- To enhance the prospects of success, the opening of the “special liquidation” proceedings brings also the benefit of an automatic stay on creditor enforcement actions during the whole special liquidation process
It is obvious that the “special liquidation” proceedings of Article 106ια (106 k) GBC is a good alternative to reorganising a financially distressed debtor, since it allows for the sale of the business on a going concern basis to a new owner in an auction without the need for bargaining with stakeholders to secure a restructuring of liabilities. In times of crisis, however, illiquid markets may create the risk of sales on a break-up basis (“fire sale” prices), producing a result equivalent to liquidation.
The provision of Article 110 GBC, according to which the proposed haircut in the restructuring plan may not fall below 20% of the initial debt, is abolished as inefficient.
Article 154 GBC in connection with Article 977 of Civil Procedure Code (“CPC”), following latest amendments of the CPC (Law 4335/2015) on the ranking of creditors and the priority of their claims in enforcement and insolvency proceedings, abandon the absolute priority of certain generally privileged claims (claims on account of VAT, claims of employees and social security funds) over all other claims, and rather give priority to the special privileged claims of the secured creditors and those of the unsecured creditors, provided that these claims co-exist with above mentioned general privileged claims. This amendment aims at protecting the interests of secured and unsecured creditors against prior and full satisfaction of public creditors in enforcement proceedings which normally resulted in the poor satisfaction of the former. This is in line with a strong opposition in theory over the provision for priority of general privilege, in the sense that it seldom left room for the satisfaction of the remainder of creditors.
Pursuant to Article 170a GBC, as lately added, following the “RR” the individual entrepreneur debtor may be fully discharged of its debts after three years as of the declaration of his bankruptcy, provided that it acted in good faith and satisfied the additional requirements of Article 167 GBC, i.e. it was granted a “debt relief order” by the insolvency court.
Last but not least, pursuant to Article 170a GBC, as lately added, a regulated insolvency profession is established in line with best international practice. Commencing from 1 January 2016, the powers of a bankruptcy administrator (syndic), mediator, representative of creditors, or (special) liquidator, as the case may be under the different proceedings of GBC, may be carried on by an individual or legal entity registered in a special register and qualified to act as an insolvency practitioner. A Presidential Decree is expected to be issued on recommendation of the Minister of Justice providing for the necessary formal and substantive qualifications of insolvency practitioners, their appointment and termination thereof, their special powers and duties as well as their supervision and liability. As there is no practical experience so far, it is crucial for the legislator to ensure that insolvency practitioners are suitably equipped with the necessary practical skills, industry knowledge and legal expertise to tackle a number of complex insolvency cases in the Greek economy.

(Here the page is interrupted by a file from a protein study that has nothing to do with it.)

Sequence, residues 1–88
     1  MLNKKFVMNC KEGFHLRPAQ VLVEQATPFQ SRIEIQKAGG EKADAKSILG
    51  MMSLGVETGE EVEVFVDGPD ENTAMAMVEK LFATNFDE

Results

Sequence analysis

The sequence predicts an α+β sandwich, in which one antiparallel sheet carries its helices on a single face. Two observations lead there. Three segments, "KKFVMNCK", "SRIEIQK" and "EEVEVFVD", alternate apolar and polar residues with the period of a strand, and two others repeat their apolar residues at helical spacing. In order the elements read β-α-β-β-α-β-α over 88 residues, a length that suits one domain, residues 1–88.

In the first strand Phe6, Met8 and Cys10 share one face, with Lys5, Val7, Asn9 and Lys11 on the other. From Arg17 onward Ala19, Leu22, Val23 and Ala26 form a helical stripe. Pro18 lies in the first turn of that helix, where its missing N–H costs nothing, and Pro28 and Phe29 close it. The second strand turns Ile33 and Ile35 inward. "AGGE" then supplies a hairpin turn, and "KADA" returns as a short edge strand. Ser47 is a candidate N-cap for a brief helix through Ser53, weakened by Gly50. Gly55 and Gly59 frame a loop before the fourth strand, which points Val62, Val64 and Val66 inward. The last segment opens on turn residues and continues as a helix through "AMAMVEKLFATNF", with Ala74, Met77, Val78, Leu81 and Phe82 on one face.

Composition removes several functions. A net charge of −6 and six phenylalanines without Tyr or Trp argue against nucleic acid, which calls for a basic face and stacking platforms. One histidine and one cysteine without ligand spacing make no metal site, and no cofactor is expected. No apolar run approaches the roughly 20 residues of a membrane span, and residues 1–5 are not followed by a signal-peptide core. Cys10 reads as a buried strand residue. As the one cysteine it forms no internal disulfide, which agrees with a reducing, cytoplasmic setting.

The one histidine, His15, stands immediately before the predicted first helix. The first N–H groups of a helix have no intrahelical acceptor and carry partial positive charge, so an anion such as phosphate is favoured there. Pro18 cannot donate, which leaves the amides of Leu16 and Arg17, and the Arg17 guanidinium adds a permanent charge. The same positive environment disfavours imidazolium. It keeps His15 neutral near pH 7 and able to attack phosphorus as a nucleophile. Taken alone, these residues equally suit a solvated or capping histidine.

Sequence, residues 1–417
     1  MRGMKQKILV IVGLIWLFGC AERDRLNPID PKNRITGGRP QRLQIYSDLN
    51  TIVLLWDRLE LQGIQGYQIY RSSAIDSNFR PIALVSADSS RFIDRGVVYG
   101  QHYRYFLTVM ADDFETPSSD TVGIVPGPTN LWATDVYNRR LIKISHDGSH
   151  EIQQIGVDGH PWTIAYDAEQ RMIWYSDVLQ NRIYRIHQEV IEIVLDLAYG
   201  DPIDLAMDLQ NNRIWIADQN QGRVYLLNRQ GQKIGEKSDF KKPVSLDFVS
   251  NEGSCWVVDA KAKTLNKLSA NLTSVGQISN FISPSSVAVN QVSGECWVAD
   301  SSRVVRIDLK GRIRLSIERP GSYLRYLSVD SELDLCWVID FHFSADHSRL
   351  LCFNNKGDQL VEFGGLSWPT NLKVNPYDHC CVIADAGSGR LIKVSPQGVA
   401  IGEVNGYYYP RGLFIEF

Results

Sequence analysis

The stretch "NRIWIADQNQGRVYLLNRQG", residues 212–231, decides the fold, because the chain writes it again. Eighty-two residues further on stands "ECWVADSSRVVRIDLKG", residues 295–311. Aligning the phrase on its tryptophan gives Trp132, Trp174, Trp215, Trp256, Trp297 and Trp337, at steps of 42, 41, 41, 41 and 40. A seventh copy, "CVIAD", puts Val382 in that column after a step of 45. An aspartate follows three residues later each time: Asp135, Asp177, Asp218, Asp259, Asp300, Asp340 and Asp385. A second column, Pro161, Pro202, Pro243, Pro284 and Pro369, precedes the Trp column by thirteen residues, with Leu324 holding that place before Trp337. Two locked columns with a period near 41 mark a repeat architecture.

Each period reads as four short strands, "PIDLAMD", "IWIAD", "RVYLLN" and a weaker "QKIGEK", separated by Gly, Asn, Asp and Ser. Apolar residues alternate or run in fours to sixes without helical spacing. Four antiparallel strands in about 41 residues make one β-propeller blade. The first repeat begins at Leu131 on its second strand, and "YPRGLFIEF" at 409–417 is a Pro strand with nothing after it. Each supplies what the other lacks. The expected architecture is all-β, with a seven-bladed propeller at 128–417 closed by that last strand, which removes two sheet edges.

The above amendments should be seen as an effort to reform the domestic bankruptcy and restructuring law in an efficient way by making it more attractive and user-friendly for the parties involved. To achieve this and additionally to avoid moral hazard and abuse, the modernisation agenda included among others the introduction of measures to address the backlog of cases, the acceleration and rationalisation of insolvency proceedings, the establishment of a regulated insolvency profession, the encouraging of debtors to initiate a restructuring at an early stage and the protection of secured and unsecured creditors against the absolute priority of the public creditors in case of enforcement proceedings. In this way, a level playing field is being produced in which debtors and creditors can find good prospects to protect their personal rights in a fair balance.
For further information, please contact:
Dr Emmanuel Mastromanolis at e.mastromanoliszeya.com
Stergios Frastanlis at s.frastanliszeya.com